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Alexis Pérez-Bellido, Marc O. Ernst, Salvador Soto-Faraco, Joan López-Moliner; Visual limitations shape audio-visual integration. Journal of Vision 2015;15(14):5. doi: 10.1167/15.14.5.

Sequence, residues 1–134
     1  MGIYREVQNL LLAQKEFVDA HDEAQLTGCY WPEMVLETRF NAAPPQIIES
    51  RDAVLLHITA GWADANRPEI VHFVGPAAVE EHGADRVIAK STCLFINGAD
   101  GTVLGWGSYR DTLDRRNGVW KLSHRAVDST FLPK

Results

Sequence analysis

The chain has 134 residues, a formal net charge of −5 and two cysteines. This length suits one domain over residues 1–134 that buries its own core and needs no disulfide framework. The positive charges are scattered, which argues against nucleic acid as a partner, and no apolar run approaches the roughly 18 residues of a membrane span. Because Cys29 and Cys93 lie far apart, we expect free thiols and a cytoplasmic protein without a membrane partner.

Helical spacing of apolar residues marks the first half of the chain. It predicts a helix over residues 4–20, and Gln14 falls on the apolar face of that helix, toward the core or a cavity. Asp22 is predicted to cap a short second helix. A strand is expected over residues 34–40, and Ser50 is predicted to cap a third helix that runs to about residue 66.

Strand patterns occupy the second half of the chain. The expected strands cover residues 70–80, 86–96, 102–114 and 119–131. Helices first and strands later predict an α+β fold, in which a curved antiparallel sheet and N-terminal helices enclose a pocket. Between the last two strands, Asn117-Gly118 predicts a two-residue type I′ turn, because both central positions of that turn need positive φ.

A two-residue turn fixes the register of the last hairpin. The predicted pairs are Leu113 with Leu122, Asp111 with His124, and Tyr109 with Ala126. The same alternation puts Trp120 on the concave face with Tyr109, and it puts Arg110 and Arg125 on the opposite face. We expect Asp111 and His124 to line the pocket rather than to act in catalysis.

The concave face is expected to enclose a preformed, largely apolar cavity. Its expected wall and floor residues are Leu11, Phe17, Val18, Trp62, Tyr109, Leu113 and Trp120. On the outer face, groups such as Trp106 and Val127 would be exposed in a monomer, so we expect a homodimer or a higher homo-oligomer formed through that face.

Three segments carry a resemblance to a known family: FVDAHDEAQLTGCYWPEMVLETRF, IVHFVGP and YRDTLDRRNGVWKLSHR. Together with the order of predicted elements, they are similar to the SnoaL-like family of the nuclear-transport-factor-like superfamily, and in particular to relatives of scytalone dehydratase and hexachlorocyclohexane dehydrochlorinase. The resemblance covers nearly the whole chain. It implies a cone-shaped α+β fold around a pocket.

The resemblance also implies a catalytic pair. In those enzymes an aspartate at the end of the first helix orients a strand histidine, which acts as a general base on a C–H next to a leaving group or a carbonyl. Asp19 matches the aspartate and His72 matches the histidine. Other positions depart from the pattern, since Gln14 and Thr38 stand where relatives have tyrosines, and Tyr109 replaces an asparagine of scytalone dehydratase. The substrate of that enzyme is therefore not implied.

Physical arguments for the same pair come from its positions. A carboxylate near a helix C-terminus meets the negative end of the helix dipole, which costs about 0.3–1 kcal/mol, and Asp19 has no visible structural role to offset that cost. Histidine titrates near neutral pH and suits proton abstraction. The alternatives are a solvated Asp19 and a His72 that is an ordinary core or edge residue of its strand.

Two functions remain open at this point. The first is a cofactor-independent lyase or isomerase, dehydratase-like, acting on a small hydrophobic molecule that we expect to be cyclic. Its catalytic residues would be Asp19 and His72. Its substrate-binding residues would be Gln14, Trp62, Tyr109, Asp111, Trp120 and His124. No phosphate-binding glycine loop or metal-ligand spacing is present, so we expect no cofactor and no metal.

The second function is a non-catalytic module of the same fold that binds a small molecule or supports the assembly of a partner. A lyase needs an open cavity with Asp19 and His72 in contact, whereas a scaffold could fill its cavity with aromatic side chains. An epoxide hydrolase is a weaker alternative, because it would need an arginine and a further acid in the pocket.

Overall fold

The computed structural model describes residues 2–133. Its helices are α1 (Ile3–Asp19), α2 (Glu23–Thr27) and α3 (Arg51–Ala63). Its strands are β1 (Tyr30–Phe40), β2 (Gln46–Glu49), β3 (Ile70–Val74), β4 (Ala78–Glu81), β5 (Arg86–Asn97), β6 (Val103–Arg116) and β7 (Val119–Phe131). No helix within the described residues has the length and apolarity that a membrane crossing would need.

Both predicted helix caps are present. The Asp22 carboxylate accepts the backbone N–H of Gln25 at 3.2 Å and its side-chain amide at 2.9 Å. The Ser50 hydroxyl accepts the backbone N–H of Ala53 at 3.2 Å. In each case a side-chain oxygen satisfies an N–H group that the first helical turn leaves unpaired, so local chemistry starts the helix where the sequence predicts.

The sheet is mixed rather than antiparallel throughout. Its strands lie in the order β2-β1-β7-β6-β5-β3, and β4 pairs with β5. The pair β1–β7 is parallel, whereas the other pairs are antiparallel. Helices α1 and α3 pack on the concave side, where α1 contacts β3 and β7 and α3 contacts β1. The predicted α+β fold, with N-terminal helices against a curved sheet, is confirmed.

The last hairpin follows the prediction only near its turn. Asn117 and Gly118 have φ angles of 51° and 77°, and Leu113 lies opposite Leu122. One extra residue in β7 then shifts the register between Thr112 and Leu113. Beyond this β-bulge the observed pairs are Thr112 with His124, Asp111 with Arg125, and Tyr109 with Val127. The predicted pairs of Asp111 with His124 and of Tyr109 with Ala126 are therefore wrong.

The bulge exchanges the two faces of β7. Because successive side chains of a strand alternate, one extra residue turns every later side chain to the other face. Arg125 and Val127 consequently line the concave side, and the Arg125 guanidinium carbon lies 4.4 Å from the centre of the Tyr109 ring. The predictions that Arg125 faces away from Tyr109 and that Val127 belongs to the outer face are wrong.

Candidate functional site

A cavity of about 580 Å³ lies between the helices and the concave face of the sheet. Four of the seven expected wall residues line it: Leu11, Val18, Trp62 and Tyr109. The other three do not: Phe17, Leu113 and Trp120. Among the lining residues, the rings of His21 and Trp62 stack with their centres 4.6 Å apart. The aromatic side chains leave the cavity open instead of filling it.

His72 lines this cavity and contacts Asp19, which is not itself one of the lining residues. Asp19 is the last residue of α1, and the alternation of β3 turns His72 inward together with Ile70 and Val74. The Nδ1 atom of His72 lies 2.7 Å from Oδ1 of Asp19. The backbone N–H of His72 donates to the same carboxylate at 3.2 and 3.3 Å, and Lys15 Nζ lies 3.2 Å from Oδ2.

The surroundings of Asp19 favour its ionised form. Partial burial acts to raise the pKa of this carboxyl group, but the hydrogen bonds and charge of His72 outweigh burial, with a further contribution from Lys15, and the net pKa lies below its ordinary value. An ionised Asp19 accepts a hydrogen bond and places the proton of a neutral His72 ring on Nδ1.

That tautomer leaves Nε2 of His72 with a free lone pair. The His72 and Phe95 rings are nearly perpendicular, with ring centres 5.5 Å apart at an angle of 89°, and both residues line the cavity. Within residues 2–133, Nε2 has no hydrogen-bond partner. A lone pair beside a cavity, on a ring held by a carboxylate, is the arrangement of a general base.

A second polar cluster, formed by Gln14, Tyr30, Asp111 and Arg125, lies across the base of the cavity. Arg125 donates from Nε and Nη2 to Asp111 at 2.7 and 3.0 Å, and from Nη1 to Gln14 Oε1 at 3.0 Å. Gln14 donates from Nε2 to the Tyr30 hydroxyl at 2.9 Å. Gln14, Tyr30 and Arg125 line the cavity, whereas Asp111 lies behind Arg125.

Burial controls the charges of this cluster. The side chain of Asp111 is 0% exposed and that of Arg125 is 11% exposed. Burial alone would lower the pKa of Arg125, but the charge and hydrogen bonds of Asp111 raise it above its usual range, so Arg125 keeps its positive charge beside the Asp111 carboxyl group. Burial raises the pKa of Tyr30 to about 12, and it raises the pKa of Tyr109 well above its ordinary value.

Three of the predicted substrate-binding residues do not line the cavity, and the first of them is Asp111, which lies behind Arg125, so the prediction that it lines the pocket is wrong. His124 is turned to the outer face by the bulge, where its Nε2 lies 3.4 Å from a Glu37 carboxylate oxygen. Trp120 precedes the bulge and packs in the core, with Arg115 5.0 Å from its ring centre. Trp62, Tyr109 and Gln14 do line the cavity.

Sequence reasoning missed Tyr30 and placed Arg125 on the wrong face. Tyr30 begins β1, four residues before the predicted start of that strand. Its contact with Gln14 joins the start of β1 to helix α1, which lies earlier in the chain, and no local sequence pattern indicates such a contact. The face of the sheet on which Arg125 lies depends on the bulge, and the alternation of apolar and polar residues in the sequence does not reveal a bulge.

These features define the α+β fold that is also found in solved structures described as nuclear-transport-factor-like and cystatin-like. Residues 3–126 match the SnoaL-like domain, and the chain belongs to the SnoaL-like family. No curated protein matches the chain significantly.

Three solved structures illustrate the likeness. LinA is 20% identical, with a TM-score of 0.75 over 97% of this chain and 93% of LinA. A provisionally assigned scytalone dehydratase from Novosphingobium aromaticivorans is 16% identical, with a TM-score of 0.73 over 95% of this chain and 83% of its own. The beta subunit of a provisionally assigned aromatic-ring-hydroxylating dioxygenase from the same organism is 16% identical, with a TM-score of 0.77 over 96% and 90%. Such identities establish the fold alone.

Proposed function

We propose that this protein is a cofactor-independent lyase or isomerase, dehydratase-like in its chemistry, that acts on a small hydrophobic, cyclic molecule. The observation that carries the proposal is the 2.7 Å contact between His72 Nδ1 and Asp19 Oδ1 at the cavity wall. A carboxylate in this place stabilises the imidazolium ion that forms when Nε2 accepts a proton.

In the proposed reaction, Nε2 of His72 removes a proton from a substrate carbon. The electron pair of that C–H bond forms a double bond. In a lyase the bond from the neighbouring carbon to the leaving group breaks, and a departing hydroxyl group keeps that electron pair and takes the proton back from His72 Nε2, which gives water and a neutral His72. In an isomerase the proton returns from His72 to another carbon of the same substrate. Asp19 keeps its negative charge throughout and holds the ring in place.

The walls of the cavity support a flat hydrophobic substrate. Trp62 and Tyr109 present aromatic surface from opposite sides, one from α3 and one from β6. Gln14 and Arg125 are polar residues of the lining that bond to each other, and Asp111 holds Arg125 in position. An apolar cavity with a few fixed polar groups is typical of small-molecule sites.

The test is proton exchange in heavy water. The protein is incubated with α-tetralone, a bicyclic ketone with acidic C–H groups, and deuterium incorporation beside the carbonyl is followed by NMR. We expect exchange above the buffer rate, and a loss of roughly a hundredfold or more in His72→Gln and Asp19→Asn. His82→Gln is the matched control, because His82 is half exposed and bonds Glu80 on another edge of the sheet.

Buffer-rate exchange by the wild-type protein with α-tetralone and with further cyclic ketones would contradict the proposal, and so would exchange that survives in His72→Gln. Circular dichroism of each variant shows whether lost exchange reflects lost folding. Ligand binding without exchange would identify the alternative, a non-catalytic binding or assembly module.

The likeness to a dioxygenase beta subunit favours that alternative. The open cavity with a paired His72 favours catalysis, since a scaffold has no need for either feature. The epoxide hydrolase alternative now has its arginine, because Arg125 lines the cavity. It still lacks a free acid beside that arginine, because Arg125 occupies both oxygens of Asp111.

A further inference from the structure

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Recent studies have proposed that some cross-modal illusions might be expressed in what were previously thought of as sensory-specific brain areas. Therefore, one interesting question is whether auditory-driven visual illusory percepts respond to manipulations of low-level visual attributes (such as luminance or chromatic contrast) in the same way as their nonillusory analogs. Here, we addressed this question using the double flash illusion (DFI), whereby one brief flash can be perceived as two when combined with two beeps presented in rapid succession. Our results showed that the perception of two illusory flashes depended on luminance contrast, just as the temporal resolution for two real flashes did. Specifically we found that the higher the luminance contrast, the stronger the DFI. Such a pattern seems to contradict what would be predicted from a maximum likelihood estimation perspective, and can be explained by considering that low-level visual stimulus attributes similarly modulate the perception of sound-induced visual phenomena and “real” visual percepts. This finding provides psychophysical support for the involvement of sensory-specific brain areas in the expression of the DFI. On the other hand, the addition of chromatic contrast failed to produce a change in the strength of the DFI despite it improved visual sensitivity to real flashes. The null impact of chromaticity on the cross-modal illusion might suggest a weaker interaction of the parvocellular visual pathway with the auditory system for cross-modal illusions.
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